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Where Presidential Candidate Bill de Blasio Stands On Marijuana

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New York City Mayor Bill de Blasio (D) announced on May 16, 2019 that he was running for the 2020 Democratic presidential nomination. He ended his campaign on September 20.

While the mayor was initially opposed to legalization, he made several attempts to reduce cannabis-related arrests in the city, but the policy changes never ended up achieving a key desired outcome of reducing racial disparities in marijuana enforcement. De Blasio finally came out in support of legalization in 2018, just days after Gov. Andrew Cuomo (D) reversed his own longtime opposition.

This piece was last updated on October 9, 2019 to include the candidate’s statements and policy actions on marijuana since joining the race.

Here’s a detailed look at where de Blasio stands on marijuana.

Legislation And Policy Actions

One of the first actions de Blasio took to change the city’s marijuana policies was to instruct the New York Police Department (NYPD) to issue summons for individuals caught possessing 25 grams or less of cannabis in lieu of making arrests, with certain exceptions. That policy took effect in November 2014.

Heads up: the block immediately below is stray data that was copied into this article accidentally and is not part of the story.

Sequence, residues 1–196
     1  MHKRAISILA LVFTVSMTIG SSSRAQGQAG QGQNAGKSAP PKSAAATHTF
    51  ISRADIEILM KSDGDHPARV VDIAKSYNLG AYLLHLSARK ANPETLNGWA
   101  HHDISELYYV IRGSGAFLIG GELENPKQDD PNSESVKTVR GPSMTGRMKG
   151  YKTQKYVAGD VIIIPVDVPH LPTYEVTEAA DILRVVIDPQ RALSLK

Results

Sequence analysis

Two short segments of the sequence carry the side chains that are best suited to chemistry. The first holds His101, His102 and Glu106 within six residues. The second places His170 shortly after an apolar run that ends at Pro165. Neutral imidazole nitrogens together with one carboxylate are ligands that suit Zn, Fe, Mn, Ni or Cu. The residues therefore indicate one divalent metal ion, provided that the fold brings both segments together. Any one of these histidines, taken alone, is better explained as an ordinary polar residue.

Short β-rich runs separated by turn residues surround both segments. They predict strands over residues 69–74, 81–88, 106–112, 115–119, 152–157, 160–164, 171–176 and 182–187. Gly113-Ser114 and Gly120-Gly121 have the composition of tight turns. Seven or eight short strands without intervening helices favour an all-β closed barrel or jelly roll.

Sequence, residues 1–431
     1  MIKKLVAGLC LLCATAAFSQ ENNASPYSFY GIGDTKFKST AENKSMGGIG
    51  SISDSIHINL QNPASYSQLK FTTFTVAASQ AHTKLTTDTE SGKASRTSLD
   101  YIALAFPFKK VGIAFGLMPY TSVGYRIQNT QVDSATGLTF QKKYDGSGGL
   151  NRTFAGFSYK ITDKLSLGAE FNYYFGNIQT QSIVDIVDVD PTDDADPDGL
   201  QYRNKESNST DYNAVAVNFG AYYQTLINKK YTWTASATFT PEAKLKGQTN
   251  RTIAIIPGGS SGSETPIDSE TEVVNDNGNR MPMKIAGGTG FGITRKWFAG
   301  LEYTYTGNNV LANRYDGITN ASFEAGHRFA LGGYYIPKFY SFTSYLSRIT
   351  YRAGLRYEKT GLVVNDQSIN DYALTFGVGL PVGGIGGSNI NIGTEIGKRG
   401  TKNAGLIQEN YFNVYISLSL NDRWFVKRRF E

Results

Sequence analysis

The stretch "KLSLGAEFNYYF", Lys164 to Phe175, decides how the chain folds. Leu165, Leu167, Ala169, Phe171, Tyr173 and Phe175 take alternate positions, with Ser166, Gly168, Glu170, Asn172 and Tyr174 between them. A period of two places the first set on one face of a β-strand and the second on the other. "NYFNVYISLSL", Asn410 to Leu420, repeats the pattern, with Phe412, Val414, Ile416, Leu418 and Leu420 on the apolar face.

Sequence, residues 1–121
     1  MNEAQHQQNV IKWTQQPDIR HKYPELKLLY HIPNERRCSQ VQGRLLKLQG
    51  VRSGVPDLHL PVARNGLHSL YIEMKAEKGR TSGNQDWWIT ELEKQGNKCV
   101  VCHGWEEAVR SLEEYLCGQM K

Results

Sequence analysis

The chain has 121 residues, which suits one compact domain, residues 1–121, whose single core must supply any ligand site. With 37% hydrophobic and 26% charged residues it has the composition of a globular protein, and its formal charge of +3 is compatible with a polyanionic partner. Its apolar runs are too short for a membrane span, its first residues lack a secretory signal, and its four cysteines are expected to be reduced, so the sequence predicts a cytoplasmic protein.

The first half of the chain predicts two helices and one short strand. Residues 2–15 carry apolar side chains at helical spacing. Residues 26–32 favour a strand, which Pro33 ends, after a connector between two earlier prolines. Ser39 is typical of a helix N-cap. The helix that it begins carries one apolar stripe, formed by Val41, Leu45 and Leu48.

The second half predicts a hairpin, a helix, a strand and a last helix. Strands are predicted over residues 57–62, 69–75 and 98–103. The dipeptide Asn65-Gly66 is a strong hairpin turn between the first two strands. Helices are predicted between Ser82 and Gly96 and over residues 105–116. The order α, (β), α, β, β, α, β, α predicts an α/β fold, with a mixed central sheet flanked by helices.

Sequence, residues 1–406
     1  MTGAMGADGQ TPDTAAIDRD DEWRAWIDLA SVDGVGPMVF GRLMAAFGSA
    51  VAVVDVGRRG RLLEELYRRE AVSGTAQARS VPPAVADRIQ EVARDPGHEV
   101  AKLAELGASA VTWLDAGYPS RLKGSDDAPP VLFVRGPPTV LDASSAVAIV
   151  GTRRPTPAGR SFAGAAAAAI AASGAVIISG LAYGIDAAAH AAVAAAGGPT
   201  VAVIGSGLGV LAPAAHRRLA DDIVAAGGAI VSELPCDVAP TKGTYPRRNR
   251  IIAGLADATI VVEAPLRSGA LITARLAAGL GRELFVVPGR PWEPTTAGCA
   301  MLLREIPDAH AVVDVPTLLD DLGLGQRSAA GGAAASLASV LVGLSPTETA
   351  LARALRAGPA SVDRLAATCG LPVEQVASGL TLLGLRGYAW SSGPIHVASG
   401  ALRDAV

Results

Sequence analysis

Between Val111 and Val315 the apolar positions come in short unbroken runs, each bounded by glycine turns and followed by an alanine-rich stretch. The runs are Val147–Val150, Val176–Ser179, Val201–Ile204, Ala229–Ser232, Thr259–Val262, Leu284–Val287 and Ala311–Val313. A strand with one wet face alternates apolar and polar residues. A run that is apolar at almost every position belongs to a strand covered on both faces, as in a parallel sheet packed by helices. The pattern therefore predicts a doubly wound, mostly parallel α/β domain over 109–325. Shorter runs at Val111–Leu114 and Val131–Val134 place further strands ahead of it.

He campaigned on the reform promise, stating that marijuana convictions “have disastrous consequences,” particularly on minority communities.

“When people are stopped by the police and they empty their pockets and suddenly they get arrested for a small amount of possession, we need to end that practice,” he said. “People don’t need an arrest record for that kind of small thing.”

Police could still arrest people for public consumption or if they determined the individual’s intent was to sell cannabis or if the possession occurred in certain areas such as school zones. And apparently NYPD took advantage of that discretion, as a 2017 report from the Drug Policy Alliance showed that cannabis possession arrests during the de Blasio administration were higher from 2014 to 2016 than they were under then-Mayor Rudy Giuliani from 1994 to 1996.

What’s more, racial disparities remained strong despite de Blasio’s promises. Black and Hispanic New Yorkers represented 85 percent of the arrests, despite similar rates of consumption among white people.

De Blasio repeatedly pushed back against the report and disputed its findings.

“The report ignores how this administration’s approach to enforcement has resulted in both a safer city and fairer enforcement of state criminal law, which continues to prohibit recreational marijuana use,” his office wrote in a blog post. “It also ignores the fact that New Yorkers makes tens of thousands of calls to 911 each year to complain about marijuana.”

Discussing racial inequities in enforcement, de Blasio told Politico that “anyone who says we want to make sure that the arrests are handled the same in communities of all different backgrounds, they are absolutely right.”

“That is the vision of this department and this administration. And we are going to keep driving that vision,” he said.

He also falsely claimed that his administration had ended arrests for low-level marijuana possession, saying that the administration has “been very consistent about moving away from arrest for low-level possession versus the other charges, which are entirely different.”